The “Schedule a Call” button in the image below remains floating on the page regardless of how far the web page visitor scrolls down.


3. Boring headlines that don’t engage—Do this instead: Use high-value headlines above the fold

I’ll assume you know headlines matter. A study in Copy Blogger revealed that 80% of readers will never make it past your headline.

Which means for all your sales funnel content assets, 50% (or more) of your time, energy, and effort should be on everything above the fold. Above the fold means the section your visitors see without needing to scroll down, whether in an email, mobile app, or on your website. Consider this your most prized real estate, with the primary goal to compel action and keep users engaged to drive them back to the CTA.

Here’s what above the fold looks like on web page and on mobile, and five tips to help you craft that ever important headline:

Headlines 2

Be clear, not clever

You have less than three seconds to hook someone with your headline. If they’re even slightly confused, they’ll click “back” on their browser and drop out. Every section, phrase, and word of your sales funnel needs to help move your prospect toward a desired action.

Create bite-sized content

Avoid large blocks of text and instead use bite-sized content with plenty of space. Readers want short and simple. This is not the time to emulate Leo Tolstoy’s novel War and Peace.

Let Google write your headlines

Great headlines are often assembled, (and reverse engineered) not written. How? Use Google’s Related Searches (see below) to write your headlines.

Google Headlines

Using “best dog food brands” as an example, if you sold dog food you’d definitely want to have content in your headlines that encompassed the following: Best Dog Food Brands To Avoid and Best Dog Food Brands In The World as well as Best Dog Food Brands for Puppies.

This is known as matching search intent, or more intelligently, filling demand rather than creating demand.

4. Slow loading speeds that lose customers—Do this instead: Invest in infrastructure for faster load times

Gain trust with a reliable experience. One key area to focus on improving is the speed in which your content loads. Here are five tips on how to improve the loading speed in all stages of your sales funnel.

Invest in tools and testing that improve speed

Stay ahead of the curve by updating plugins, and not going the cheapest route possible when it comes to selecting a hosting company. Regularly blocking out time to test and analyze your email and page load speed is a must if you're serious about increasing your conversions.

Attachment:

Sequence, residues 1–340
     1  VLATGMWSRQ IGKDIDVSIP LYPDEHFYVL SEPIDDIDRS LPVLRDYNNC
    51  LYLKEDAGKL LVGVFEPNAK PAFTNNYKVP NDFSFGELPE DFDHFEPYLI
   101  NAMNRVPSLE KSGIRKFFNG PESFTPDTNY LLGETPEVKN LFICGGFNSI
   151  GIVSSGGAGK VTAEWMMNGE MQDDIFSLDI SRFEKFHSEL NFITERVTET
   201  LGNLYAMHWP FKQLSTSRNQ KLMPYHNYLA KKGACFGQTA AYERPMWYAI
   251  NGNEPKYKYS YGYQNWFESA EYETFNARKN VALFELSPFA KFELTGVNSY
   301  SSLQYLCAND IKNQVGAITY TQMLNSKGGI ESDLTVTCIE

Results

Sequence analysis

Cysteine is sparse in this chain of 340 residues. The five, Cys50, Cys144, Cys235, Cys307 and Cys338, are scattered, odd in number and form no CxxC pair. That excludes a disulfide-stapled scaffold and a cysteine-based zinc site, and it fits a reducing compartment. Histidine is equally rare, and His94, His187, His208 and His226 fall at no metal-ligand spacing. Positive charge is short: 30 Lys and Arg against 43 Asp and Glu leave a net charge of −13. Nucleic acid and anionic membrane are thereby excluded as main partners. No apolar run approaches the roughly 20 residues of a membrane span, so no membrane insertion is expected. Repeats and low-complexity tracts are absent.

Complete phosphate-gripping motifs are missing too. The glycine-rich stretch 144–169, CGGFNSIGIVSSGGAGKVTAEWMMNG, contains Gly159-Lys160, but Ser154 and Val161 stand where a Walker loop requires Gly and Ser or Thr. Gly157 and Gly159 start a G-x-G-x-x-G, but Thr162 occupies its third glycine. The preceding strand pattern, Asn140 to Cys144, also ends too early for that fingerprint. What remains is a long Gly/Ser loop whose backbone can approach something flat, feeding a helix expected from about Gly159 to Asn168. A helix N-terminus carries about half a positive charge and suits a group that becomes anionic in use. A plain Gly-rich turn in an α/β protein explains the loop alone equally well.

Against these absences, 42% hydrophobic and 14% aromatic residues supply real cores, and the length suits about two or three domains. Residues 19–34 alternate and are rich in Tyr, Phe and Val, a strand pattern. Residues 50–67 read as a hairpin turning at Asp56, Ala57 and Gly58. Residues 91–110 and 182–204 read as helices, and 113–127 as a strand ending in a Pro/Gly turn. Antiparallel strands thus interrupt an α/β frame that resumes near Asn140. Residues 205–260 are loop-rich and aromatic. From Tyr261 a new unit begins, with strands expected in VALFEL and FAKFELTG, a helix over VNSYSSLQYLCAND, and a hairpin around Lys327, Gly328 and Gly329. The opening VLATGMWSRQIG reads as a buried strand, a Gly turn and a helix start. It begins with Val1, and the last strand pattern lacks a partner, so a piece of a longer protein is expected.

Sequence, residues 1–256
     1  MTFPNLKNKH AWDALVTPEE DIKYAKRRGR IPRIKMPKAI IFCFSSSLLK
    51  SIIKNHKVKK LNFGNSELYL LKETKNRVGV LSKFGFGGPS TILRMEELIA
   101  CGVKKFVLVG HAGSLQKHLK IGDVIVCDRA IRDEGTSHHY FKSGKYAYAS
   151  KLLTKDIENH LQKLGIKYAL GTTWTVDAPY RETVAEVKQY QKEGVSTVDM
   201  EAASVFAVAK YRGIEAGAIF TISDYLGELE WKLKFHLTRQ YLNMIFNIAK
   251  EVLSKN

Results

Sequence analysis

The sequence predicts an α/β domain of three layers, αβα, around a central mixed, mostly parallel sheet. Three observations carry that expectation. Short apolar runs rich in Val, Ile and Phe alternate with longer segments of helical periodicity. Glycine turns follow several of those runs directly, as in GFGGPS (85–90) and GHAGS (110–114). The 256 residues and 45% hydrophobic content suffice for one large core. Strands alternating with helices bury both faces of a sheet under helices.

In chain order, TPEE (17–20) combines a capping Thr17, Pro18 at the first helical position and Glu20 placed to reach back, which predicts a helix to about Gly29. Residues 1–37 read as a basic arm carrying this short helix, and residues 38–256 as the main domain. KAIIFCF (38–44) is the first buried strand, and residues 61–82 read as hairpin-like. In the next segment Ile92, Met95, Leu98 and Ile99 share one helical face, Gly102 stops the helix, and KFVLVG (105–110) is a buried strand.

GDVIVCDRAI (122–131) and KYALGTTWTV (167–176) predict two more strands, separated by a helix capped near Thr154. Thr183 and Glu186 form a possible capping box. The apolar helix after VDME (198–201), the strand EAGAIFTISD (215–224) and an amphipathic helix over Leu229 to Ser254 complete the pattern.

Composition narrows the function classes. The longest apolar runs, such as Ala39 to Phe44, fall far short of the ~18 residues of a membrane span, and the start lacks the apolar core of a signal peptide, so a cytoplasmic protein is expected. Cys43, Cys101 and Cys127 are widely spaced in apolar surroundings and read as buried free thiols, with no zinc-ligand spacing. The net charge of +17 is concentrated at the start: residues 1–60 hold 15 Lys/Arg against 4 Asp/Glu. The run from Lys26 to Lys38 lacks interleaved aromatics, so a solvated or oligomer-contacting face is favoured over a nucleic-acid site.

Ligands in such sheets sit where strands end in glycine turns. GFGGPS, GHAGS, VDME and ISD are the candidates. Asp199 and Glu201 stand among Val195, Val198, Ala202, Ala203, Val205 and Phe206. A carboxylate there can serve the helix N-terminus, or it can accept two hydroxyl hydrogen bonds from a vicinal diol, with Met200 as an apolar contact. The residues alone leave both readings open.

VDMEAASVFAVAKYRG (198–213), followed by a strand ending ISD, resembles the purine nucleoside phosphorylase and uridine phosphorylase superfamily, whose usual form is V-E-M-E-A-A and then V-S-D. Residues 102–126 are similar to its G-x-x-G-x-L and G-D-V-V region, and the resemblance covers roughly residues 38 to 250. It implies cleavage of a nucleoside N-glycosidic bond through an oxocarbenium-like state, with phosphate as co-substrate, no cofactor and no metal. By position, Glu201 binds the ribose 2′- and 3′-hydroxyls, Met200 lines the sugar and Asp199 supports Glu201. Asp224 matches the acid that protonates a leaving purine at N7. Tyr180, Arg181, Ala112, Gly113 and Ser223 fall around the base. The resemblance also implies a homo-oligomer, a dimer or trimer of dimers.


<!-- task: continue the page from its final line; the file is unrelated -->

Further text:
Know your loading score

Try GTMetrix and Google Page Speed Insights. Use these free online tools to regularly monitor your page load speeds and make improvements. These websites provide you with a score from 1 to 100 (100 is lightning fast), rating your web page load time for both desktop and mobile.

You’ll also notice a list of detailed instructions directly below the score these resources give you showing you exactly what’s slowing your web page down.

Compress large images

It’s great you hired a professional photographer for your product’s images, but not if they’re causing your sales funnel assets to take forever to load. Compress every image throughout your sales funnel using free online software such as: TinyPNG.com.

Shoot for 3 seconds or less

The gold standard I aim for with my clients is no more than 3 seconds for a page or content asset to fully load. But if you’re really ambitious I’d shoot for under 1-2 seconds. Anything over 5 seconds likely means your potential visitor will abandon your slow loading content.

Use a content delivery network (CDN)

A CDN is a must if you do business globally. CDNs place your sales funnel all over the globe. If someone visits your landing page from Sydney, Australia, even though your site is hosted in Rockville, Maryland, a CDN replicates your web pages and puts it on a server to improve your page load time in Sydney.

5. Amateur functionality—Do this instead: Test often for user experience

A shoddy form. Broken links. Lorem Ipsum text or even a typo. These mistakes in your sales funnel prevent you from selling. The functionality of the assets in your funnel will make or break your success. Here are three tips to improve the user experience.

Test your forms multiple times

I recommend you test, test … then test your forms some more! I often visit landing pages where I enter my information and the link is either broken or it does not give me what it states it will.

Constantly monitor and update

Algorithmic changes in SEO and updates in the plugins or software you are using can wreak havoc on your links and sales funnel flow. Take the time every week to monitor for changes and make necessary updates.

Go through as a prospect

Go through every step of your sales funnel as if you were a prospect and vet the user experience. Review every aspect, including lead capture forms, email opt-ins, thank-you pages, payment processors and shipping.